Former Vice President turned nine-figure millionaire, Al Gore, long a global warming celebrity, will be among several speakers next month for a series of “TED Talks” to launch “Countdown,” which is a global initiative to deal with the “climate crisis.” The Countdown is pushing to reduce global carbon emissions in half by 2030 “in the race to a zero carbon world …that is safer, cleaner and fairer for everyone” (emphasis mine).
No one is against “safer, cleaner and fairer” in the abstract, which is why such terms are used incessantly in commercials, and by interest groups, politicians, salespeople and hucksters alike. I’m especially curious about that word “fairer” when it comes to climate activism. “Fairness” also is a subjective term; one person’s definition of fair is not necessarily another person’s.
From a political or policy standpoint, fairness is about who gets and who pays. The various Green New Deal proposals beginning in 2019 are not confined to energy and environmental initiatives. They go far beyond by mandating unionization, tax hikes, guaranteed income and more redistributionist policies under the guise of fairness.
The Countdown climate initiative curiously uses fairness because the partner organizations and climate agenda are not content with a cleaner planet, but about a much larger and more powerful government and welfare state. Accordingly, they support greater state control to dictate how private industry operates and produces product to supposedly secure a cleaner planet; and increased redistribution from the private sector and taxpayers to expanded government subsidies and giveaways. No industry is spared from being forced to emit less carbon, including steel, cement, aviation, shipping and more.
Ultimately, the Countdown initiative is about preventing average global temperature from increasing by more than 1.5 degrees Celsius by 2050. Countdown links to the Intergovernmental Panel on Climate Change report that contends the prevention of warming of one-half degree above its projected increase of 1.5C will mean “our world will suffer less negative impacts on intensity and frequency of extreme events, on resources, ecosystems, biodiversity, food security, cities, tourism, and carbon removal.”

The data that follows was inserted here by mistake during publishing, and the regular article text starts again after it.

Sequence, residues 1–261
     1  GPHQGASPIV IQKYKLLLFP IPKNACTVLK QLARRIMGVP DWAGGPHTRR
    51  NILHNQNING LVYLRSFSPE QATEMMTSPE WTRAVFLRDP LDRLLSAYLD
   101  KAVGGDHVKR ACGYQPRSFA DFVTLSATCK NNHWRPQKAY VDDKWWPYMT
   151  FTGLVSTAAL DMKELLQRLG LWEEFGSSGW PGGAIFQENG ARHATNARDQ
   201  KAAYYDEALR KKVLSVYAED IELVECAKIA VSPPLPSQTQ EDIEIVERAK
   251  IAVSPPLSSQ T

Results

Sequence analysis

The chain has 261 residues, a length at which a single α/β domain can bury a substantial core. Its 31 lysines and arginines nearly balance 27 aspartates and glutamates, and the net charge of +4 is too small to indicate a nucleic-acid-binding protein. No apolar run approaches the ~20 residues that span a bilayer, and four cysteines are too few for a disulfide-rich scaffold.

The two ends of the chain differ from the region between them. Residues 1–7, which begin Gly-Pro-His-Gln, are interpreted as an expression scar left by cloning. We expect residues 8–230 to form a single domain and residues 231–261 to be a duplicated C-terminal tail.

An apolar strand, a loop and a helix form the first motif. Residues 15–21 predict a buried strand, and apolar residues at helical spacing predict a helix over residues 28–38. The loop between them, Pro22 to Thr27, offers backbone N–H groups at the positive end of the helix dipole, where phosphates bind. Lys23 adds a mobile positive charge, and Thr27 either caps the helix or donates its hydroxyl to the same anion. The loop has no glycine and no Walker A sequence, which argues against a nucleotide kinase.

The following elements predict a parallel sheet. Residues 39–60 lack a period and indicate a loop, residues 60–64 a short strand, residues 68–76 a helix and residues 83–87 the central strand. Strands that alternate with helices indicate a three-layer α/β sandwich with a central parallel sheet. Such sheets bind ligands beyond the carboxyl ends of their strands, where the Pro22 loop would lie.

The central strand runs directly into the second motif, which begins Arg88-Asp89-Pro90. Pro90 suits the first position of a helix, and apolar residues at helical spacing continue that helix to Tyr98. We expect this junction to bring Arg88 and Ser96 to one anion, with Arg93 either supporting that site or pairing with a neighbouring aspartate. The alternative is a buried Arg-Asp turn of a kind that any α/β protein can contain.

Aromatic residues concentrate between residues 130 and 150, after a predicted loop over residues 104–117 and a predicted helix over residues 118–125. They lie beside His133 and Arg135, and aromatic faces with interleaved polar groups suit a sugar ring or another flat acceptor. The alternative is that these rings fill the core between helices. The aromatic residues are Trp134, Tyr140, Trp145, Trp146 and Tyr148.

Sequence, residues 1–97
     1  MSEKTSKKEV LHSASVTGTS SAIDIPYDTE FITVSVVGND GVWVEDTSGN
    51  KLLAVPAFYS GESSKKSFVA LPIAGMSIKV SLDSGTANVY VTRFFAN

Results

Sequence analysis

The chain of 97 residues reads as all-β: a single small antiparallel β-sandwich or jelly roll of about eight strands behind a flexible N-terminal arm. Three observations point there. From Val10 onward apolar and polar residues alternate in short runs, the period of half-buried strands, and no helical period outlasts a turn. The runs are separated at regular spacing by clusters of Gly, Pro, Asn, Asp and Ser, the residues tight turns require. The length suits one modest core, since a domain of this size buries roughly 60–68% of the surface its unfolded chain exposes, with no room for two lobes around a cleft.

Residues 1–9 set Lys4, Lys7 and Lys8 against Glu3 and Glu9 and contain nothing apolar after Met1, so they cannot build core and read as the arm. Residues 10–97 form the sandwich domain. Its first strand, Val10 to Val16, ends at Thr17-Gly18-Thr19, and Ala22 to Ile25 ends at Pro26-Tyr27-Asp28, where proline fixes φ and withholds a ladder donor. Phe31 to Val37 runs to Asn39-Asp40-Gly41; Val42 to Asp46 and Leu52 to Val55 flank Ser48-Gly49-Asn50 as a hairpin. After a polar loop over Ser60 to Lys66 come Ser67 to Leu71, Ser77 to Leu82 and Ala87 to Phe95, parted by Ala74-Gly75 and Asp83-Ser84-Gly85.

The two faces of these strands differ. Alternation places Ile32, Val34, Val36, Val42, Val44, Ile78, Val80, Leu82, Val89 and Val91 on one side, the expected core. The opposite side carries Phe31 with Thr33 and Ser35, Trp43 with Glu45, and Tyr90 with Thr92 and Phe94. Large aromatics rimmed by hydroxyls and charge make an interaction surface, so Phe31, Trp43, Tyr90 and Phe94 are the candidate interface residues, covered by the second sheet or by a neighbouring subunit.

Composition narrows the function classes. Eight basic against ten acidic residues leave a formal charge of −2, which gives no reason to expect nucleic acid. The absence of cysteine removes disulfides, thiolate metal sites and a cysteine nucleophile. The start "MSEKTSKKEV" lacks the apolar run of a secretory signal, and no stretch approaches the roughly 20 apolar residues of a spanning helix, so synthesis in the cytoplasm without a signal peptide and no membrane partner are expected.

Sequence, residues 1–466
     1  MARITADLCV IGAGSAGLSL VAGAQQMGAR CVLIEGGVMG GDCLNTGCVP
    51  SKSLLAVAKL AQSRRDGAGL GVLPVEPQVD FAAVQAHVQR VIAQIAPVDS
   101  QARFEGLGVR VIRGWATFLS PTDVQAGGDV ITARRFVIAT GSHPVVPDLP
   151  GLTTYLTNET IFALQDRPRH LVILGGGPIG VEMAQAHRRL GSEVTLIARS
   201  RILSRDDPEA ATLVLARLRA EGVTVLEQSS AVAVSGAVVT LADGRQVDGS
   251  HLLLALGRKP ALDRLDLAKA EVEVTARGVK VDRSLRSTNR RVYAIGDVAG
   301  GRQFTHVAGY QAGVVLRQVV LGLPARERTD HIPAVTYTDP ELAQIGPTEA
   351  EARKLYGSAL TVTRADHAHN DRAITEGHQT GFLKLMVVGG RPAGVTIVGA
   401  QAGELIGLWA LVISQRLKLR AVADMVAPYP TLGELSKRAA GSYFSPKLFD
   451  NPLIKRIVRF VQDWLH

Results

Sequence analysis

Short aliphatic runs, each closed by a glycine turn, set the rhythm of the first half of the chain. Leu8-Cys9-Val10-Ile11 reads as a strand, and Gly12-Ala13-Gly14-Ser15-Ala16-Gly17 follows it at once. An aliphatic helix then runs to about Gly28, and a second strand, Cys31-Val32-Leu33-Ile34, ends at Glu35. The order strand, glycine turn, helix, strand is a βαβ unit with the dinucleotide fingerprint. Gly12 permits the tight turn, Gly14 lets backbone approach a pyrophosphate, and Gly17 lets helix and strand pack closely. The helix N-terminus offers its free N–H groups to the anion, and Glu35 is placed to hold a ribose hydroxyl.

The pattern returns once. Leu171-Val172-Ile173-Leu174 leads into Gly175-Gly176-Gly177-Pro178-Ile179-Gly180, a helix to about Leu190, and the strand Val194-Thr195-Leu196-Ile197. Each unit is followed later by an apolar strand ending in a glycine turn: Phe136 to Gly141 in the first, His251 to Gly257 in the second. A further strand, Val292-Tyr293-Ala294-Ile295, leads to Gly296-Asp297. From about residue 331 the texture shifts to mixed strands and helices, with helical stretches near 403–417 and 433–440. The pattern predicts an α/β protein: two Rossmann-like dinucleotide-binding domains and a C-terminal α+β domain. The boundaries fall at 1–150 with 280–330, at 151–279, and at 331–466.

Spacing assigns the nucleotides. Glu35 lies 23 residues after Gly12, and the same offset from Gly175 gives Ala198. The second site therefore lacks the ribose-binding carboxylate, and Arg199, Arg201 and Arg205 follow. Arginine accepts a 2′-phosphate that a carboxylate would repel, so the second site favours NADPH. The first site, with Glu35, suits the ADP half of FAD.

Countdown is another effort to propagate the climate change agenda, which purports to keeping the planet from warming beyond 1.5 degrees in the next three decades by reducing net carbon emissions to zero. This crusade, however, ignores a blizzard of realities, including that man-made carbon emissions comprise about one-ten thousandth of the planet’s atmospheric gases; and Earth’s climate is affected by much more than carbon dioxide levels. The IPCC climate prediction and its impact on “extreme events, food security,” etc., is pure conjecture dressed up as science.
There are more than 50 TED speakers lined up to make the case for stopping global warming, including Mr. Gore, whose given title is “Climate Advocate.” In fact, he has two speaking slots because…he’s Al Gore, whose hypocrisy and climate predictions gone bust are apparent to everyone not prone to hysteria.
In keeping with the goal of reducing climate emissions by half in ten years, Mr. Gore should announce he is downsizing from his mansion in upscale Belle Meade, Tennessee. This 10,000 square-foot, 20-room edifice consumes 21 times the electricity of the average American. Gore is long since divorced from his wife, Tipper, and his four children have grown up and departed the nest. His predictable screed will be fitting for a person residing in a studio apartment and using public transportation.
At least 12 speakers are labeled as “advocates” or “activists” and another 12 are listed as one or more of the following: singer, songwriter, poet, artist, actor, novelist and comedian. Another seven presenters work for Amazon, Apple (both of which have a substantial presence in China, the world’s largest emitter of greenhouse gases), and other private companies; and at least five are politicians, including Antonio Guterres, the Secretary-General of the United Nations.
There are three scientists in this distinguished group of TED speakers, not including the one “political scientist,” who doesn’t count; another five are listed as “scholars” or researchers. Are scientists boring speakers? Perhaps, since they comprise only 6 percent of the presenters who will make the case for global warming and transforming our society.
Finally, there is a category I call “other,” which includes the “Duke of Cambridge” (as in Prince William, 2nd in line to the British throne), “Long-view Philosopher,” “Capitalism Rethinker,” and my personal favorite, “Stubborn Optimist.”
No doubt that most of the TED speakers for the Countdown initiative are accomplished in their fields and will be interesting in many ways. Those discussing upcoming technology that will translate to lower carbon emissions could be worthwhile. Since the speakers’ line-up heavily skews toward activists, entertainers and other non-scientists, it remains how many of them will deal in scientific substance and facts, rather than raw emotion and societal control that define the climate change cottage industry.